Cost of retirement outpacing inflation, due to health, food and electricity

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Significant increases in the cost of health care, food, electricity and rates over the past 10 years is driving the cost of retirement higher at a faster rate than CPI.

The Association of Superannuation Funds of Australia (ASFA) Retirement Standard modest budget has increased by 36% for a couple, and 33% for a single person, between June 2006 and March 2017. The ASFA Retirement Standard comfortable budget has increased by 26% for a couple and 23% for a single person over the same period.

This compares to a 28.6% increase in the Consumer Price Index (CPI) over the same period.

“The categories of expenditure that really impacted the budgets are not altogether surprising,” said ASFA CEO Dr Martin Fahy.

“Over the period, electricity costs increased by 124 per cent, health costs by 60 per cent, property rates and charges by 83 per cent and food costs by 24 per cent,” he said.

“Price changes for less essential items tended to be lower and in some cases prices fell.”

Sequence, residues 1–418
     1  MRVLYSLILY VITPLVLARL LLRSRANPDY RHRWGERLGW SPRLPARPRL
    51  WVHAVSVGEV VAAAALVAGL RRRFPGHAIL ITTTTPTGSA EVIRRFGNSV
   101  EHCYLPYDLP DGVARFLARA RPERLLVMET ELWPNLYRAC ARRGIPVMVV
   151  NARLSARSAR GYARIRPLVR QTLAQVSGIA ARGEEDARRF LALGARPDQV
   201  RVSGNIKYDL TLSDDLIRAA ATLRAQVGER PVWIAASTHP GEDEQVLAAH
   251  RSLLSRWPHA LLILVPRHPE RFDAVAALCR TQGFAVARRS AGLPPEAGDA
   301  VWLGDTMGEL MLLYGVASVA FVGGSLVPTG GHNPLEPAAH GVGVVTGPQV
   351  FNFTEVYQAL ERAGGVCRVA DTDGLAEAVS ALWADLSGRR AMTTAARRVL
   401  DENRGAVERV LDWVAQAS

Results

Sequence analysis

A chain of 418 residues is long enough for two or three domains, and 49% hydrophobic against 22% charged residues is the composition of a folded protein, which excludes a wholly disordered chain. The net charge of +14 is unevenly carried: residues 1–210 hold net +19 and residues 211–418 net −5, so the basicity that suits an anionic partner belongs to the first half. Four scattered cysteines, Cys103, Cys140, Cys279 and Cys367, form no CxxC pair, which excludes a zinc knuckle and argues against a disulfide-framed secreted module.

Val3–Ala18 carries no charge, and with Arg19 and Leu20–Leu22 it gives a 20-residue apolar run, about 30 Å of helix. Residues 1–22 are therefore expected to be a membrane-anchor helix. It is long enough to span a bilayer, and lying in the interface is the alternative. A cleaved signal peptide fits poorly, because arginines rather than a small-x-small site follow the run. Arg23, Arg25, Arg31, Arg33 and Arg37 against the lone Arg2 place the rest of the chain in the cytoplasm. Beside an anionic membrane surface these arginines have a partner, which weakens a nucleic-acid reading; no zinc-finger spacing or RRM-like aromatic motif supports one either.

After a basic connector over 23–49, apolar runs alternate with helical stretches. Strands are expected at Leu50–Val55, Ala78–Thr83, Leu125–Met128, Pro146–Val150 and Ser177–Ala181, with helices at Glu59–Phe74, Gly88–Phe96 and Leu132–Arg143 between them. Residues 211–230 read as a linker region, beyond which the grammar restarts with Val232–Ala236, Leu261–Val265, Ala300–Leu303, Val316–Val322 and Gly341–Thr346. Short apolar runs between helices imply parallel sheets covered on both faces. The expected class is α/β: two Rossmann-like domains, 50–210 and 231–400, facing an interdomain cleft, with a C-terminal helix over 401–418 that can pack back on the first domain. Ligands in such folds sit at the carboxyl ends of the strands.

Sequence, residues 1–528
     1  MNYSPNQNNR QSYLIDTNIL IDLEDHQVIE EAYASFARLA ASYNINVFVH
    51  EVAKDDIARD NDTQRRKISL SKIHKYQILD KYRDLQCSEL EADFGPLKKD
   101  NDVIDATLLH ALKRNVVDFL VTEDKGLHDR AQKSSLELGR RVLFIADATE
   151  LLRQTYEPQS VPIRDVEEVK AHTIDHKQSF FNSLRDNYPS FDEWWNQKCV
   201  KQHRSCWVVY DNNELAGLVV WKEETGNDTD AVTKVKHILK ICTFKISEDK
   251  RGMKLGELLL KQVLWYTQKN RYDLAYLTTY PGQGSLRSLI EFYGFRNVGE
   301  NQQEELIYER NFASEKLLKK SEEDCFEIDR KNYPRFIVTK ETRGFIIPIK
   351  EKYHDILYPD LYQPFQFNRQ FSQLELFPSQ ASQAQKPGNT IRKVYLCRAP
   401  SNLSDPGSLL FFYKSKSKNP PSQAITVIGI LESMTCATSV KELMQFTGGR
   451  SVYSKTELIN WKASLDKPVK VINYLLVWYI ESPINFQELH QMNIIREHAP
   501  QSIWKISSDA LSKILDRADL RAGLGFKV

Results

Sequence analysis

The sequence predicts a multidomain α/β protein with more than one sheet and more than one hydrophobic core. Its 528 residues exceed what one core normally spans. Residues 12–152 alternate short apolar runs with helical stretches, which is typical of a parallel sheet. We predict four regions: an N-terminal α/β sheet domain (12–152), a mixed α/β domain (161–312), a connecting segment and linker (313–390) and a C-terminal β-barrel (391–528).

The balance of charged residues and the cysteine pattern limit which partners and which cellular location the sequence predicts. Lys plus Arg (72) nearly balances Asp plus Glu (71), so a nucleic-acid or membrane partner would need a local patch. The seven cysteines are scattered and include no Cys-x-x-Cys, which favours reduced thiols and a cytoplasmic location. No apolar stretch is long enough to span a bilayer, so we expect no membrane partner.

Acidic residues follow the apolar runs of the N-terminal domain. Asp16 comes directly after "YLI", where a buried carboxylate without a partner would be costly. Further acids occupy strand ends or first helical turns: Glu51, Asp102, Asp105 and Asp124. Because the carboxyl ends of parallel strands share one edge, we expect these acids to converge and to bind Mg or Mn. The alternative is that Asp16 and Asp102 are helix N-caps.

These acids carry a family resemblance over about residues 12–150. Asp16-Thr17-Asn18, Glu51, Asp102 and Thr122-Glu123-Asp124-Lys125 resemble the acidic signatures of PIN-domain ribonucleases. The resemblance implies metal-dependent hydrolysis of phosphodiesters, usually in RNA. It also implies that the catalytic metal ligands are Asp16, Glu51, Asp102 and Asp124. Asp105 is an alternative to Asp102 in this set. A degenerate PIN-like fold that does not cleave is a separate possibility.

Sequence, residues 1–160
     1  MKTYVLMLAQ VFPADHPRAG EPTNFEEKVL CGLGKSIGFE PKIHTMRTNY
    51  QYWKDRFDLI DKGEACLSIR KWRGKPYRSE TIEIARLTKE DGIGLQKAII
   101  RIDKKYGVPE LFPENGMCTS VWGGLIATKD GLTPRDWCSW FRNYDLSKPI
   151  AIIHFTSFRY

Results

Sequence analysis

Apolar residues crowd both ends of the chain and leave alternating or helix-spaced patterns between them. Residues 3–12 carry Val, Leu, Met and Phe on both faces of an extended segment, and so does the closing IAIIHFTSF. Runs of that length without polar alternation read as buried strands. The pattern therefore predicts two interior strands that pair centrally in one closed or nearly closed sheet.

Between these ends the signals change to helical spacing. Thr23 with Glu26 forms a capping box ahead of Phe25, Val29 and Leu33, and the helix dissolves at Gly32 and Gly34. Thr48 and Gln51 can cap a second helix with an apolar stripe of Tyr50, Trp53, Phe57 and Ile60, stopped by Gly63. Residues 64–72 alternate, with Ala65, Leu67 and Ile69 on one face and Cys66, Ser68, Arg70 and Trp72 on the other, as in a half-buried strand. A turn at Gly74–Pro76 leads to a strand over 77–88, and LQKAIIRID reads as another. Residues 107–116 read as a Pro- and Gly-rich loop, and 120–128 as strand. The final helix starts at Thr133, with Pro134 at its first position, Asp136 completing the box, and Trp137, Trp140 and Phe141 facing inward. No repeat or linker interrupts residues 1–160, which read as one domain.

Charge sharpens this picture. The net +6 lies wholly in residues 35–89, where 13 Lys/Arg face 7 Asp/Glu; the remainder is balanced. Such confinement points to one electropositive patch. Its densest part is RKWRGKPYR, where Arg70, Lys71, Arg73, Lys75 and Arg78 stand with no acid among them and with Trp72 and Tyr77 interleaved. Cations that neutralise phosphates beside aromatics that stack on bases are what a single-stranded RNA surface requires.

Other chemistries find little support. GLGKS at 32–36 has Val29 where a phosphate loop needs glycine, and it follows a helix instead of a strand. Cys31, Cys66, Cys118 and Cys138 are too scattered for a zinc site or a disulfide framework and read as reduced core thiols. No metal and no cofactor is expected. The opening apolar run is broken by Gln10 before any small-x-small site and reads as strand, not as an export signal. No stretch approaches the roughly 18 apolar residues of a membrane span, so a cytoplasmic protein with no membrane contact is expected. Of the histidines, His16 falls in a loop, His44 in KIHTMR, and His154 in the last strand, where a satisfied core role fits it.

“The price of clothing fell by a total of three per cent over the period with an eight per cent fall in the cost of communications (including telephone and mobile phone charges).”

“The cost of international holidays rose by a relatively modest 16 per cent over the period.”

Dr Fahy said both the modest and comfortable ASFA Retirement Standard budgets assumed that retirees owned their own home outright and were relatively healthy.

“Of increasing concern is the reality of many more retirees at the mercy of the private rental market, so when you consider the increase in renting costs, it highlights the need for increasing numbers of retirees to have much greater super balances to support a reasonable retirement,” he said.

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